U.S Stock Market Getting Interesting Again
Since peaking last October, the U.S. stock market, as measured by the S&P 500 Index, fell by more than 20% by the end of 2018 – a fall of a little more than 20%, which meets the traditional criteria of a bear market. Other measures of a bear market, such as the 50 day / 200 day moving average “death cross”, or the price being below the 200-day moving average, were also reached as a matter of course.
Funnily enough, ever since that 20% fall was reached at the end of December, the market has been recovering steadily. The logic of labeling a 20% fall from a price peak a bear market has a flip side: a 20% rise from a low is a bull market, and by that criteria, we will be in a bull market again once the S&P 500 Index reaches 2815.90. We are not quite there yet, but this level is coming into view and is not very far off.
There are two immediate events which might derail this recovery into a bull market: firstly, and most seriously, the 1st March deadline for the U.S. to either agree a comprehensive trade deal with China or impose full tariffs. Secondly, the U.S. government is scheduled to shut down again on 15th February if no financing deal can be agreed between President Trump and the Democrat-controlled Congress. China is by far the bigger threat to the stock market’s recovery.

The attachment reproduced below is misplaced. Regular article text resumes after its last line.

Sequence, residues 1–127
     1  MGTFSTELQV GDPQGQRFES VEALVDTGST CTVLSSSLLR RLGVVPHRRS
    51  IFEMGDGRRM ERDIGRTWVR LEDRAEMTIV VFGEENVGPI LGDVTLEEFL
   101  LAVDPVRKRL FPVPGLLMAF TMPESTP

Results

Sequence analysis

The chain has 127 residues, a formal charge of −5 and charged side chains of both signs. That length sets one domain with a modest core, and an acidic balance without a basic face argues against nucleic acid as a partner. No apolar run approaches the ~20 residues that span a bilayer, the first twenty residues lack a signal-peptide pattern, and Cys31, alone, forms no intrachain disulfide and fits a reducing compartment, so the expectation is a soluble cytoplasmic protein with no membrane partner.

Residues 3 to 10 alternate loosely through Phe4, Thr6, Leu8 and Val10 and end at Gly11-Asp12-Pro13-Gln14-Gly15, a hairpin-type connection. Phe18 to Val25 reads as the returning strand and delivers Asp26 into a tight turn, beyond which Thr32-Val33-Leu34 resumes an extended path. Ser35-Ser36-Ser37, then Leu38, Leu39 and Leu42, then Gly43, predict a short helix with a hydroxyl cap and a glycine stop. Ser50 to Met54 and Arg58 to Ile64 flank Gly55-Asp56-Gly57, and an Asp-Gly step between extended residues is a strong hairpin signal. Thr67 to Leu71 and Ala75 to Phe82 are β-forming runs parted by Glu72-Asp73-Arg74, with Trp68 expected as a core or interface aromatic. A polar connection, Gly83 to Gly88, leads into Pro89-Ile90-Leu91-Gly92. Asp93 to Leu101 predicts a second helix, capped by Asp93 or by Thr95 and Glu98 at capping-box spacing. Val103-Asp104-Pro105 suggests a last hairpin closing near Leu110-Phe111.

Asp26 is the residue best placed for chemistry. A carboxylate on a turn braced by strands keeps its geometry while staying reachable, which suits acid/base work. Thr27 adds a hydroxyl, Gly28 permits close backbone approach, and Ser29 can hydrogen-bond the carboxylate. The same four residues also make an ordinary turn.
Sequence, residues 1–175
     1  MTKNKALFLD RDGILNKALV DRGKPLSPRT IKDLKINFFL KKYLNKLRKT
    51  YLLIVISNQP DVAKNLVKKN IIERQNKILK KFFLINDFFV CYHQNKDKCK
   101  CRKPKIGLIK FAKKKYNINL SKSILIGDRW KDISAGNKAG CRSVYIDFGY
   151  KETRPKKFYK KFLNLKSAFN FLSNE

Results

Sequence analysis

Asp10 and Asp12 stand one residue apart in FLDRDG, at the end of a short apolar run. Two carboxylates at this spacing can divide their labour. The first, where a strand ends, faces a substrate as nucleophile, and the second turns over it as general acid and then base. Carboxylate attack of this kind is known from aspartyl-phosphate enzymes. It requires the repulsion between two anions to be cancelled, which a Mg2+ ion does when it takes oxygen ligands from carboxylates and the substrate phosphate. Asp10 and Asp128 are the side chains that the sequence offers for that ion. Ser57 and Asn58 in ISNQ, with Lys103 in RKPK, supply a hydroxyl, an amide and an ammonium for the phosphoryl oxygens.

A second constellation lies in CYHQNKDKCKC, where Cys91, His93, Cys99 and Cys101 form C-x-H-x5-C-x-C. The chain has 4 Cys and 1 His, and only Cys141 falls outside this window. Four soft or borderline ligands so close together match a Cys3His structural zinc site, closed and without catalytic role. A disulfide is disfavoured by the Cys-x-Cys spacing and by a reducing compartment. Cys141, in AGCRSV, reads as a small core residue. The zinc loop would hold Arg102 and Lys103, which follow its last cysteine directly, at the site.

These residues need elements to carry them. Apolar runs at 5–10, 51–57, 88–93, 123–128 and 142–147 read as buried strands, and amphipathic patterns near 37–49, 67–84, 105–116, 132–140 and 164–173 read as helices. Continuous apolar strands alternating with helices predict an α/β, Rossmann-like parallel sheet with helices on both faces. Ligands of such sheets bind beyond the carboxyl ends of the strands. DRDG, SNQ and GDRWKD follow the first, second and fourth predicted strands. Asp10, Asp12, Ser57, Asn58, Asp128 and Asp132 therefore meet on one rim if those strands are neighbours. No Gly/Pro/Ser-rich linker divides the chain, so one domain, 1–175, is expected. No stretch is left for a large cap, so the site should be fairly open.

Most Forex/CFD brokerages offer trading in major stock market indices such as the S&P 500 and the Dow Jones Industrial Average as well as Forex currency pairs. These historically tend to make more reliable movements than Forex currency pairs, at least in the long direction, so can be good to trade when they are rising. The problem is that when LIBOR is relatively high (as it is now), the overnight financing charge on long positions can equal something like 5% on an annualized basis. Furthermore, the spreads charged by retail Forex/CFD brokerages are typically relatively high compared to Forex currency pairs. If you want to trade stock market indices you should carefully examine these costs and weigh them against how much you expect to make in profit overall, to determine whether it is worthwhile.